Jose Cuevas, Electronic Arts
It’s a common misconception amongst developers that they know or understand what users want or need. It is equally a misconception that users know or understand what they want or need. However, what users want or need is much easier to identify once they actually use the product or service. So how do you design a product or service without being able to accurately determine the requirements prior to releasing it?
“…when you have eliminated the impossible, whatever remains, however improbable, must be the truth”, Sherlock Holmes (Doyle 1890, 111).
Like a great sleuth faced with the daunting task of solving an impossibly complex mystery, you must eliminate the different layers of misconception to reveal what undoubtedly must be the truth. There are many clues, also known as “smells”, which can lead you to the truth about your design. However, these smells can only be sensed by those who are willing to evaluate their own product or service with an open mind and a proactive approach.
There are two ways to identify smells:
- Study and learn material on subjects related to the user experience.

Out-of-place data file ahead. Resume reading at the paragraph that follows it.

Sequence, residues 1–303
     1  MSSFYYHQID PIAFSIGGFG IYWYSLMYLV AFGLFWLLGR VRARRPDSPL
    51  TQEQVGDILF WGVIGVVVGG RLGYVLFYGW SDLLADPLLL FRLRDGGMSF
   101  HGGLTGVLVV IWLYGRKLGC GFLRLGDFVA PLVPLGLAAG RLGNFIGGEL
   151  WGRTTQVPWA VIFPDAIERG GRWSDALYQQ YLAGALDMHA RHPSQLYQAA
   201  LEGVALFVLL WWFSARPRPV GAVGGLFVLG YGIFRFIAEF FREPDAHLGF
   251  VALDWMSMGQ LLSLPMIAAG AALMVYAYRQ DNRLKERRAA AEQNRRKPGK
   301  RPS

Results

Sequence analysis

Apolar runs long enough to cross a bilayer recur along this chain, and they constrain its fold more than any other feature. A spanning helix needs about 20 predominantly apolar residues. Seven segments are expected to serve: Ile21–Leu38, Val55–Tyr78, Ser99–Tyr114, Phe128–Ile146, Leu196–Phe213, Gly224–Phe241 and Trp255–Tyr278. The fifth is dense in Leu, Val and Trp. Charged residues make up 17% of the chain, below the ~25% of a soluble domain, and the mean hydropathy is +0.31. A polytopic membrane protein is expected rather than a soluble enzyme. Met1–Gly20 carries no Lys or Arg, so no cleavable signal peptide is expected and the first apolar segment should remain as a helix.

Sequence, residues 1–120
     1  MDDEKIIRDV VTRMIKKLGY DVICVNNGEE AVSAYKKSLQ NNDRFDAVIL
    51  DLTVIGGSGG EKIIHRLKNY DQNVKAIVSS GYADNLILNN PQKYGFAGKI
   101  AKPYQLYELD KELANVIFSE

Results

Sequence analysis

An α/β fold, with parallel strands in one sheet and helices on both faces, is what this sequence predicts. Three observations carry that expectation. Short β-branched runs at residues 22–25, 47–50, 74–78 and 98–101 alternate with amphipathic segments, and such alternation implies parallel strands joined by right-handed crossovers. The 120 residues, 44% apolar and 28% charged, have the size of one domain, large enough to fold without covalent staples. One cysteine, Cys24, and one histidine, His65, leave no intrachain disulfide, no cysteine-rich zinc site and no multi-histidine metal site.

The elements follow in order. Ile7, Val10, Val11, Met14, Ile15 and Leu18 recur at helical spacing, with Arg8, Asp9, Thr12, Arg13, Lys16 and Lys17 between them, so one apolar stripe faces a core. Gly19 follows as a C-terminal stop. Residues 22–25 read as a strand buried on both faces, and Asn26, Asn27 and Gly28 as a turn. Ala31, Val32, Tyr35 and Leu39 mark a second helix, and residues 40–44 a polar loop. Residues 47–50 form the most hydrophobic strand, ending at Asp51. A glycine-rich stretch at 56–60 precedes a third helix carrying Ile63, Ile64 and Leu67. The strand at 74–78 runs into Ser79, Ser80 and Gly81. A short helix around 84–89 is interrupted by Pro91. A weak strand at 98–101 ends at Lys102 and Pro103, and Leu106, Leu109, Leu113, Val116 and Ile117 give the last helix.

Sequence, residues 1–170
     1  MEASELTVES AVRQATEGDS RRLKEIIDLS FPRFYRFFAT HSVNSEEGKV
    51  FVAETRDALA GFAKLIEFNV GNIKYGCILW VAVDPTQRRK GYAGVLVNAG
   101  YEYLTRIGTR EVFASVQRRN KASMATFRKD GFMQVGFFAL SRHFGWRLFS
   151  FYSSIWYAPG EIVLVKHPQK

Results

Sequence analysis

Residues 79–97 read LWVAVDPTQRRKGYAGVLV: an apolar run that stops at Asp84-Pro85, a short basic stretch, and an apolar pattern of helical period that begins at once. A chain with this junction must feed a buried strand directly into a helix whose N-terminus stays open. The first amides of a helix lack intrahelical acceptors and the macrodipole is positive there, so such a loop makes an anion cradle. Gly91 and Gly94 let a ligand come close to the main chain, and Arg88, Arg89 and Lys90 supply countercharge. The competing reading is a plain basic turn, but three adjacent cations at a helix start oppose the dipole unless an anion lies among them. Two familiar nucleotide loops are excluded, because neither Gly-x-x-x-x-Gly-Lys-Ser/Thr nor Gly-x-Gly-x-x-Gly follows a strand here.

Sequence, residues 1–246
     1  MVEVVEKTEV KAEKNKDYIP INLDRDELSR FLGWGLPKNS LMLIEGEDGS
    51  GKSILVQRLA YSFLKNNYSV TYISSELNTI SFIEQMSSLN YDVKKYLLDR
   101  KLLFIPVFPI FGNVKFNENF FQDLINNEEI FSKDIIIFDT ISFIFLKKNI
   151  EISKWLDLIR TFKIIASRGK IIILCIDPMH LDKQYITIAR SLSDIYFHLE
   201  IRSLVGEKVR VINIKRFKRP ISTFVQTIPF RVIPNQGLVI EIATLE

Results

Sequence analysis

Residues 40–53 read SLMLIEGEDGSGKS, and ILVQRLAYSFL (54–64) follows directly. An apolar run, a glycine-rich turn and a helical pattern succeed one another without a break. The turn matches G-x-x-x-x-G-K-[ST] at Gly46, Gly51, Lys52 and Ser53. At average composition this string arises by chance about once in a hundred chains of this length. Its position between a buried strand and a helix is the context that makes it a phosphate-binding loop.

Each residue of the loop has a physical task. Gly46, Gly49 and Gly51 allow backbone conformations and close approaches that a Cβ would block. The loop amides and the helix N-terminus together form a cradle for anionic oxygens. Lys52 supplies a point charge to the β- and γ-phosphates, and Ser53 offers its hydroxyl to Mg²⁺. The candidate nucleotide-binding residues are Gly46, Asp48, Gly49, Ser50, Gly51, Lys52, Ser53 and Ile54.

- Test and observe actual users performing tasks with your product or service.
It has been my experience that testing and observation is not very effective if you haven’t spent time gaining an appropriate level of knowledge with user experience design. I have also discovered that explaining poor design is usually met with resistance and disbelief by developers. However, seeing is believing and developers should eat their own dog food once in a while. It’s not my goal to discuss a lot of technical jargon, but to instead guide the audience of this presentation on an interactive journey as we explore the user experience through the eyes of the customer and sniff out user experience smells.